Link: Learn more about StatCounter here.

W3Counter



​W3Counter is another free web tracking solution and in contrast to StatCounter, it delights with a well designed and user friendly dashboard.

In just a few clicks, you can see real-time stats, view a map representing the countries and locations your visitors are coming from, explore your top entry and exit pages and more. Overall, I found the dashboard very easy to navigate and the information well presented. A notable feature is a "click overlay" that shows you where you're getting most of your clicks, directly on a representation of your website.

Unfortunately, there are also some downsides: the free version of W3Counter only works if you add a visible badge to your site, it's supported by advertising and the historical log of your traffic is ​severely limited.

There are premium levels available that remove the ads and restrictions and add some additional features, although the premium level of W3Counter cannot keep up with the stronger premium analytics solutions in this roundup.​

W3Counter Features & Highlights

Real-Time Stats?

YES

Time on Site Tracking?

YES

Conversion Tracking?

NO

Funnel Analytics?

NO

Special Features:

User-friendly dashboard,
click overlay feature.

Multiple Sites/Account?

Premium Only

Free Version?

YES
(up to 5,000 pageviews/day)

Price Range:

$4.99 - $29.99 per month

Conclusion: my impression is that W3Counter is a solution aimed at beginners. If you are relatively new to this and unfamiliar with (or overwhelmed by) Google Analytics, W3Counter will give you the basic stats for your site in a free and easy package. You'll eventually want to graduate to a more performance-focused solution, though.

Link: take a look at W3Counter here.​

Reinvigorate​



When I was working on the first version of this roundup, Reinvigorate was a new analytics solution on the market. It looked promising, but things went wrong and at this point, Reinvigorate is no more.

I'm leaving this mention of it in the roundup, but I'm removing all the details etc. since the solution is no longer available.

Part 2: Real-Time Stats​

Next, let's look at the real-time solutions. As you've seen above, most analytics solutions track in real time (even Google Analytics does that now), but for the following solutions, real-time isn't just a feature - it's the main focus.​

Chartbeat



Chartbeat has evolved a lot since my last update of this post. Last time I tested it, it was little more than a live stats dashboard. By now, it has expanded with new features and functionality, built for specific purposes.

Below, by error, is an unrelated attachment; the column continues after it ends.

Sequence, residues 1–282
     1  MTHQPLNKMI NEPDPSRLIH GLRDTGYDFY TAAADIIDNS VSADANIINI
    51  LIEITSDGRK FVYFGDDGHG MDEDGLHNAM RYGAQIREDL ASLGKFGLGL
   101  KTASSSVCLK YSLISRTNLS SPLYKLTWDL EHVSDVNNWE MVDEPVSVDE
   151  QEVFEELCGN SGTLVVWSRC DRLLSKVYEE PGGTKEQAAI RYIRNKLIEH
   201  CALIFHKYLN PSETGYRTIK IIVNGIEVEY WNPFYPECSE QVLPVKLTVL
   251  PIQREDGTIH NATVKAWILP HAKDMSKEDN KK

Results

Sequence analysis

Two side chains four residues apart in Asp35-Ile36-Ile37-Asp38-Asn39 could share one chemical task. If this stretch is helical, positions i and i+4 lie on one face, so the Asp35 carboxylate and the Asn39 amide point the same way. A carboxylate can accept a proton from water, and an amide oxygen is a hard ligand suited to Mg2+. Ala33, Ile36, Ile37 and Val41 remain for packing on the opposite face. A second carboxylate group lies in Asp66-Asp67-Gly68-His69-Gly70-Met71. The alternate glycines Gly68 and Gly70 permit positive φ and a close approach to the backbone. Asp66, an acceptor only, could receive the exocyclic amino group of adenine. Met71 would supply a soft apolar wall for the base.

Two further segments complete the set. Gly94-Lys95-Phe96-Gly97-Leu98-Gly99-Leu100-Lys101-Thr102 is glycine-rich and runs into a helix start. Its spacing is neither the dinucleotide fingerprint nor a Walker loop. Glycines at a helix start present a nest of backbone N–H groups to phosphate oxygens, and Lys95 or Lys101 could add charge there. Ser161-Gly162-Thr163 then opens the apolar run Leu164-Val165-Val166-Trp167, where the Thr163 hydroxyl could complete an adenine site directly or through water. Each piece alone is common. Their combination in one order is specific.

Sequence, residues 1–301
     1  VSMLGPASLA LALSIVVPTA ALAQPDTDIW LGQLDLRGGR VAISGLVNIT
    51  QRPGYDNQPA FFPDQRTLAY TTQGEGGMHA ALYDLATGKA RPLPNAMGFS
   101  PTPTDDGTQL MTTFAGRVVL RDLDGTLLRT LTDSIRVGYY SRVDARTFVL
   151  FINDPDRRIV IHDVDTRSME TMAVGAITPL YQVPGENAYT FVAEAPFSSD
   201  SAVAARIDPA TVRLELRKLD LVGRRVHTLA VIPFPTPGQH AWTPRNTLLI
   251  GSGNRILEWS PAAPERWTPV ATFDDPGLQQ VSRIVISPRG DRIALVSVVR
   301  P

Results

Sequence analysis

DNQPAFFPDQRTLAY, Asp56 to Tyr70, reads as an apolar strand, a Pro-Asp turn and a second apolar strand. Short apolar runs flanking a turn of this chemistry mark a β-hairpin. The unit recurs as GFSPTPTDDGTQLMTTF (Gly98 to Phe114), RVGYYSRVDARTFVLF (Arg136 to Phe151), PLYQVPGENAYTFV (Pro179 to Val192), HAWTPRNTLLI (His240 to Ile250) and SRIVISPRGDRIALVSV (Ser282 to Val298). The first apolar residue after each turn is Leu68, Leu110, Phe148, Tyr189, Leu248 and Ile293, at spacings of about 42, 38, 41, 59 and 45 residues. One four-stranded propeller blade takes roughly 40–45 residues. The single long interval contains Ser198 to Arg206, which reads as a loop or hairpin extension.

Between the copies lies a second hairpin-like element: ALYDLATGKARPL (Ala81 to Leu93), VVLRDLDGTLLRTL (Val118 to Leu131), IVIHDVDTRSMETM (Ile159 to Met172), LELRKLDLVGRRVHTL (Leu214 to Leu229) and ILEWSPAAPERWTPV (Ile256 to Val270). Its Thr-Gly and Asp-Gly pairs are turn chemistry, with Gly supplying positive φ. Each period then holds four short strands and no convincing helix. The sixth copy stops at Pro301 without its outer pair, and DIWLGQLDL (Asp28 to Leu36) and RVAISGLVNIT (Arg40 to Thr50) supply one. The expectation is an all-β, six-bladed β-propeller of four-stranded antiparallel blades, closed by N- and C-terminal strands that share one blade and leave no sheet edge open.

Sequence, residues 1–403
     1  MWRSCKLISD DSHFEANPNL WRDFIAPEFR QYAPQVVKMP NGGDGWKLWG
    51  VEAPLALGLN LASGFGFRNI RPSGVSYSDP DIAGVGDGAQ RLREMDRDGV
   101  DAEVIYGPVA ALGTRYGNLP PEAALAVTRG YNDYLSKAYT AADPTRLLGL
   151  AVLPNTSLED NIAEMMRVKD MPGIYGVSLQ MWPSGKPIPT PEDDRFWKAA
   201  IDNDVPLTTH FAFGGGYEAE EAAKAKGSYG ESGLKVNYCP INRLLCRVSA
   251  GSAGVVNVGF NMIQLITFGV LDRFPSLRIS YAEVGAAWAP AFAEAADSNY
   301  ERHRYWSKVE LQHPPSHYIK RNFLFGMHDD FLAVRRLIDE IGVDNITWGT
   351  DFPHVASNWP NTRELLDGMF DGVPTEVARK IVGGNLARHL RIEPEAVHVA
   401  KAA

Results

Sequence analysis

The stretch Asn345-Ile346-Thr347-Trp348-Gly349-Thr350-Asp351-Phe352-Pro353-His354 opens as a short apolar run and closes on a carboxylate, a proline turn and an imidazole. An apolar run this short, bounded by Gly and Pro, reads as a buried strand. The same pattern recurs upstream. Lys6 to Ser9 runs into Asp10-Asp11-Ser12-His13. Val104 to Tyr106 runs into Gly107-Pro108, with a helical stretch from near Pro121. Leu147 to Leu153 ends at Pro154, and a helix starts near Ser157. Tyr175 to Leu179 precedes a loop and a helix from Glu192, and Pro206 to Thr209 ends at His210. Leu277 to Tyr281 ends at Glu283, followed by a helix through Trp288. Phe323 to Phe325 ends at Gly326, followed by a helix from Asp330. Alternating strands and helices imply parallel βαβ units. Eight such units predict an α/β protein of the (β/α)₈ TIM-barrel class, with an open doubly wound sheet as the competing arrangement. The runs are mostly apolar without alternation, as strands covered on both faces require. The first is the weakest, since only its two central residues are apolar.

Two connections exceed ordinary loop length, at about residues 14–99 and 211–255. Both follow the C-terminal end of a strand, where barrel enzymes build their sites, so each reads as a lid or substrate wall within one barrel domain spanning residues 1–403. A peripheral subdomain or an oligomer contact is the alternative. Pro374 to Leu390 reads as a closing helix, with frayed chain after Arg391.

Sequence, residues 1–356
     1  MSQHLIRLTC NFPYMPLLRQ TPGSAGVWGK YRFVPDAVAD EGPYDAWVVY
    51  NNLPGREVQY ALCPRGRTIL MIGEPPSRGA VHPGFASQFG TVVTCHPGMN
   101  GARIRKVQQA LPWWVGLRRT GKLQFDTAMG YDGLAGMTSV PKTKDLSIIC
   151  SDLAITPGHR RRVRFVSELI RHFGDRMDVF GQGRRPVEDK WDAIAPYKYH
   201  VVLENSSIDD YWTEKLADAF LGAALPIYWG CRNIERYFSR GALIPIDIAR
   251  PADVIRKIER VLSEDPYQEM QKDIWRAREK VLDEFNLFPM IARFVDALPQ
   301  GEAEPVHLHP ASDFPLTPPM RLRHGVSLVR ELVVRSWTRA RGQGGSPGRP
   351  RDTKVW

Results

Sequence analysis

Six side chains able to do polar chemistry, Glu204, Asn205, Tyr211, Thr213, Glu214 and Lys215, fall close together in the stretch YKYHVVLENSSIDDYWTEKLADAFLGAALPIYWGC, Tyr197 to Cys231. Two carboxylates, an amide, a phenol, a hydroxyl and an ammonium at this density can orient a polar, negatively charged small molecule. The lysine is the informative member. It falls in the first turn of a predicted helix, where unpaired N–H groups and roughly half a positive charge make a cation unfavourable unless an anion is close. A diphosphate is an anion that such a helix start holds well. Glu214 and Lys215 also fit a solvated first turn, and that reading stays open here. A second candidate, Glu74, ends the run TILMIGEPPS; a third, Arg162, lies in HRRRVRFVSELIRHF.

To begin with, Chartbeat gives you a live view of your visitors and their actions on your site, as well as information about platforms they're using, where they're coming from etc.

In addition, you'll find features specifically built for ad-supported websites, video-based content and more. Chartbeat can give you detailed insights into where your visitors are clicking, the scroll-depth on pages (and how that affects ad impressions), video-playback statistics and more.

​Another notable feature is what they call the "Heads-Up Display", which overlays information directly on a representation of your website.

Chartbeat can be a powerful tool for magazine and news sites that receive a high volume of traffic.​

Chartbeat Features & Highlights​

Real-Time Stats?

YES

Time on Site Tracking?

YES

Conversion Tracking?

YES

Funnel Analytics?

NO

Special Features:

Specialized features for news
sites, ad publishers and videos.

Multiple Sites/Account?

YES

Free Version?

NO
(free trial avaiable)

Price Range:

$50 per 1,000 concurrent visitors

Conclusion: if you operate a high-traffic (500K visitors/month and above) news or magazine site, Chartbeat is well worth a look.

Link: click here to see what Chartbeat is all about.​

Gauges​



Gauges aims to provide the most important website data without any additional clutter.

​In the Gauges dashboard, you can get an overview of one or several websites that you're tracking. You'll see a traffic trends overview for the past 12 hours and daily traffic for the past 2 weeks, plus the most visited content and top referrers.

​You can also activate the "Air Traffic Live" view, which shows a global map which updates with live geolocations of your visitors. It's screen-filling and nice to look at, but the practical usefulness of the feature is limited.

Further, Gauges provides insights into traffic referrers, browsers and screen sizes of your visitors. All the basic data is there, but Gauges didn't manage to surprise me with particularly good or useful features.​

Gauges Features & Highlights​

Real-Time Stats?

YES

Time on Site Tracking?

YES

Conversion Tracking?

NO

Funnel Analytics?

NO

Special Features:

"Air Traffic Live" view with global
map, easy multi-site management

Multiple Sites/Account?

YES

Free Version?

NO
(free trial available)

Price Range:

$6 - $48 per month

Conclusion: Gauges is nice to look at and provides all the basic features, but it needs to go one or two steps further to become a truly useful solution.

Link: find out more about Gagues here.​

GoSquared​



GoSquared presents a dashboard that is divided into three main categories: live stats, historical data and ecommerce data.